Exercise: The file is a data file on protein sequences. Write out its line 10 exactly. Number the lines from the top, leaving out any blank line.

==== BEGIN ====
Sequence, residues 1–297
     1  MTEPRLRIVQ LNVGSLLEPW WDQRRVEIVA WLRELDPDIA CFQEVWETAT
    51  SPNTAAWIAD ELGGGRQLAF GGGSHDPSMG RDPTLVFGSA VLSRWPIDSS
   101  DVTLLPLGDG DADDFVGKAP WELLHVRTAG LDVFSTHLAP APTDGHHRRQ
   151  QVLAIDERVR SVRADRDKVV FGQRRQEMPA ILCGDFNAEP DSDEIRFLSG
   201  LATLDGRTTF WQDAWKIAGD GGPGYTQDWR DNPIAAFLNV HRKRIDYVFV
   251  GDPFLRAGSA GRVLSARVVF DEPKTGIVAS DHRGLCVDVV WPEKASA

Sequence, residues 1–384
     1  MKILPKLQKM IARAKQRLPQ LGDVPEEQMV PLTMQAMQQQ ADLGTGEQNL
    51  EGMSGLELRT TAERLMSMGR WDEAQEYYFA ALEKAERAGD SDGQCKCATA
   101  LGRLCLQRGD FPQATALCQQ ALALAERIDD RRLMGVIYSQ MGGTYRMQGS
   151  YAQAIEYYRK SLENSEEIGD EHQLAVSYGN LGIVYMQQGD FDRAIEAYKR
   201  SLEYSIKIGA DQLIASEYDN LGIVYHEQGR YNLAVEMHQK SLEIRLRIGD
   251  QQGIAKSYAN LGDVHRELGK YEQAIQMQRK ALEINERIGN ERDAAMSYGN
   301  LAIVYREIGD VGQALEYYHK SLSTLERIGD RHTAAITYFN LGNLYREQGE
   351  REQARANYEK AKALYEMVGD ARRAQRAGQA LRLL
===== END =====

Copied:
    51  EGMSGLELRT TAERLMSMGR WDEAQEYYFA ALEKAERAGD SDGQCKCATA